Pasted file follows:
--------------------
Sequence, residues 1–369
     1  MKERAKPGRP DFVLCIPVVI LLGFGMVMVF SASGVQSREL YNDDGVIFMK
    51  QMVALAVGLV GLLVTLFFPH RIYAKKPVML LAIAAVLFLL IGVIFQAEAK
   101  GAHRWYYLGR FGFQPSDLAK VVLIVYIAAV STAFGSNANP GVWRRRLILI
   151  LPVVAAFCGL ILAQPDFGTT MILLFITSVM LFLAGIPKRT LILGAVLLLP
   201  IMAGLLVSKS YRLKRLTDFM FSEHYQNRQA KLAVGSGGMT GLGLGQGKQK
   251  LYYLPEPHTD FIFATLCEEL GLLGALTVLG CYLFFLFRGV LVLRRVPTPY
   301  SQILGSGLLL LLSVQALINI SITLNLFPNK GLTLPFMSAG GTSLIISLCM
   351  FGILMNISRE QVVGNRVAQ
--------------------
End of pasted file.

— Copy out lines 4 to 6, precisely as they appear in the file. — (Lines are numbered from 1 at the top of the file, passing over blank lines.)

   101  GAHRWYYLGR FGFQPSDLAK VVLIVYIAAV STAFGSNANP GVWRRRLILI
   151  LPVVAAFCGL ILAQPDFGTT MILLFITSVM LFLAGIPKRT LILGAVLLLP
   201  IMAGLLVSKS YRLKRLTDFM FSEHYQNRQA KLAVGSGGMT GLGLGQGKQK